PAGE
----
The return of the Ryan budget
On March 21, the U.S. House of Representatives passed a budget plan proposed by House Budget Chair Paul Ryan. The plan would cut $5.7 trillion in spending over 10 years—virtually the same cuts as in the plan he proposed last year, especially when it comes to Medicare.
Rep. Ryan is still focused on replacing Medicare’s guarantee of health coverage with a voucher that future beneficiaries would use to purchase either private health insurance or a version of traditional Medicare. His plan would apply to all new beneficiaries starting in 2024.
The plan also seeks to raise the Medicare eligibility age from 65 to 67 beginning in 2024 for people born in 1959. According to Strengthen Social Security, a nonprofit organization, “this would increase out-of-pocket healthcare costs for everyone, and force more people near retirement to live without even basic health insurance.”
The Ryan budget would repeal major health reform provisions that strengthen Medicare benefits, such as closing the gap in Medicare prescription drug coverage (known as the “donut hole”) and covering preventive services without cost sharing. Repealing these provisions would adversely affect current and future beneficiaries.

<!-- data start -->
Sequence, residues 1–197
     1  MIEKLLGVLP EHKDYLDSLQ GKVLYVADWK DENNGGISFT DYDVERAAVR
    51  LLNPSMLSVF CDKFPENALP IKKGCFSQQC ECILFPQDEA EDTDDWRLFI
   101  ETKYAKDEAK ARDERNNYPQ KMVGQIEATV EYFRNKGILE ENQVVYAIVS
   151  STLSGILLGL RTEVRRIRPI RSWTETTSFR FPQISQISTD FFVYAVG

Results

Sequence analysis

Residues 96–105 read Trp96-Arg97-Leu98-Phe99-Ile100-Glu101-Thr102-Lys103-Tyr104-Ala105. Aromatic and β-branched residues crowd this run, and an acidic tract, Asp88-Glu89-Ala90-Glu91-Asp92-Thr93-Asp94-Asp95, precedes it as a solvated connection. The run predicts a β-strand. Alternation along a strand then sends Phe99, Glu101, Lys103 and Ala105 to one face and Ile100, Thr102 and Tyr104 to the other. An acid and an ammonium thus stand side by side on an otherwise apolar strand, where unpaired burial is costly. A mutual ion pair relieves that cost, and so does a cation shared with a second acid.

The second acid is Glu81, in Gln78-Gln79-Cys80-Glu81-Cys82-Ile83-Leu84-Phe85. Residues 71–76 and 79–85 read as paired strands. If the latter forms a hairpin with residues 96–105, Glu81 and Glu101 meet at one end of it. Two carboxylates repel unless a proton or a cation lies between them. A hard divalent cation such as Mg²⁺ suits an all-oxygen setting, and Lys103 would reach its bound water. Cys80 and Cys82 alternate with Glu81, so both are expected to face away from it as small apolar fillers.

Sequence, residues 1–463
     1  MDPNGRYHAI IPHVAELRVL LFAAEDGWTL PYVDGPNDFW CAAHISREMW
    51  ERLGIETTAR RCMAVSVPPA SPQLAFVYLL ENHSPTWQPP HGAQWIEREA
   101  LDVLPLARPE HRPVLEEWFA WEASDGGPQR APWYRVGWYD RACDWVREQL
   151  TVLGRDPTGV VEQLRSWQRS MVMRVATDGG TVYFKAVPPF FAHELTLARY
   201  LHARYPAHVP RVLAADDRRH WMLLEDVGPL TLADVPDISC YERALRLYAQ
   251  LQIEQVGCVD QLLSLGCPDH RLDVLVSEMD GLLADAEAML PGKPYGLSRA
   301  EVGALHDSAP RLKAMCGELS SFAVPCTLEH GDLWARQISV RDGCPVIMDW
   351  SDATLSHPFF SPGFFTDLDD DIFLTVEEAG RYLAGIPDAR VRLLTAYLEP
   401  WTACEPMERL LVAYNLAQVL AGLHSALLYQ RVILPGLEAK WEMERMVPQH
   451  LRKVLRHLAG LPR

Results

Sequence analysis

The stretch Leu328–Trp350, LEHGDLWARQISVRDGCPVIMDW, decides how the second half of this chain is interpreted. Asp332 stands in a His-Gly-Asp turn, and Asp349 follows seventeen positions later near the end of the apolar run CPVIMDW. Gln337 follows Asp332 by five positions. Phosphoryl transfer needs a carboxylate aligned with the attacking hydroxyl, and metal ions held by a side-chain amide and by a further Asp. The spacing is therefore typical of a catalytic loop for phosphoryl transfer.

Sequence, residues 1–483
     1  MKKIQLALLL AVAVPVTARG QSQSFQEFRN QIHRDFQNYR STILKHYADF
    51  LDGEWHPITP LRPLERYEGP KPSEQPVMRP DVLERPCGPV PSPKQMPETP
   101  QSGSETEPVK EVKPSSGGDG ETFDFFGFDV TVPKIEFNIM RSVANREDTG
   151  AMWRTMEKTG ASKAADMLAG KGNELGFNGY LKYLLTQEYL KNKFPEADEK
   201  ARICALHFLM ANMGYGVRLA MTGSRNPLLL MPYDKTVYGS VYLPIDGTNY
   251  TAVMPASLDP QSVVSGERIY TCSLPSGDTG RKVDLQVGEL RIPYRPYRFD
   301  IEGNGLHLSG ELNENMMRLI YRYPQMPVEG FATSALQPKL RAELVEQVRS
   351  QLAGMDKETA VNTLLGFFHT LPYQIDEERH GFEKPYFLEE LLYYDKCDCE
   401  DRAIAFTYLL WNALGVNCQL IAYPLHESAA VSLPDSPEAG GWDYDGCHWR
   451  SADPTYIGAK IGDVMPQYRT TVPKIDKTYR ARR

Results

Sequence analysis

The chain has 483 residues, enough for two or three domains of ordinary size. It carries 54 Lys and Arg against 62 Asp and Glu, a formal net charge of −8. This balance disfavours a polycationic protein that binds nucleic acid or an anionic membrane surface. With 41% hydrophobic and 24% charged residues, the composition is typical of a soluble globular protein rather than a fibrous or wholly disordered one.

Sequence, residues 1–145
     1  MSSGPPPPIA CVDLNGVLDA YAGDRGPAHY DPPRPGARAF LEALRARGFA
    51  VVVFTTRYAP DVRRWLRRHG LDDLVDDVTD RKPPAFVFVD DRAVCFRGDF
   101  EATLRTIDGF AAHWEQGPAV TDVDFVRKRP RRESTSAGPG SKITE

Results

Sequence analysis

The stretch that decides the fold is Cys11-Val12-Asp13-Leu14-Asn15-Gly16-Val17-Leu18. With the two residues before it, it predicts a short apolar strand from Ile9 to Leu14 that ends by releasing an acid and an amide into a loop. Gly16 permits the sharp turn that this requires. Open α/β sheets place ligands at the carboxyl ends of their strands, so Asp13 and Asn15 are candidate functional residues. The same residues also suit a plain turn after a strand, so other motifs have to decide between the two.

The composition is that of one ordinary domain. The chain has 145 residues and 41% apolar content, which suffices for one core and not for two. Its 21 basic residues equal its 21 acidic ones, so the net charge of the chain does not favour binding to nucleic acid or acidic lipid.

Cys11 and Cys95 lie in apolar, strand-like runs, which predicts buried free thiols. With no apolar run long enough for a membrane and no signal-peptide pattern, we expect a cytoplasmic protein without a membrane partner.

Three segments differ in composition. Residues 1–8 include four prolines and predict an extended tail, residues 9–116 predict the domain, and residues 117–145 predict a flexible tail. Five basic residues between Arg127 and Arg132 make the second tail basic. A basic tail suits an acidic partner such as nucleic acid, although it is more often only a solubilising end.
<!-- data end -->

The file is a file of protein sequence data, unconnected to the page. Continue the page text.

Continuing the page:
Finally, the Ryan budget would retain the 2 percent “sequestration” cuts in Medicare that the 2011 Budget Control Act requires for 2013 through 2021. Although the Ryan proposal cuts essential benefits, it offers a huge tax cut for wealthy taxpayers and corporations.
On the Senate side, the budget proposed by Senate Budget Chair Patty Murray is vastly different from Ryan’s. The budget, which was passed by the Senate on March 23, raises $975 billion in tax revenues and doesn’t include any cuts to entitlement benefits.
Now that both the House and Senate have passed their own budgets, a bill will be written to reconcile the two.
April 1, 2013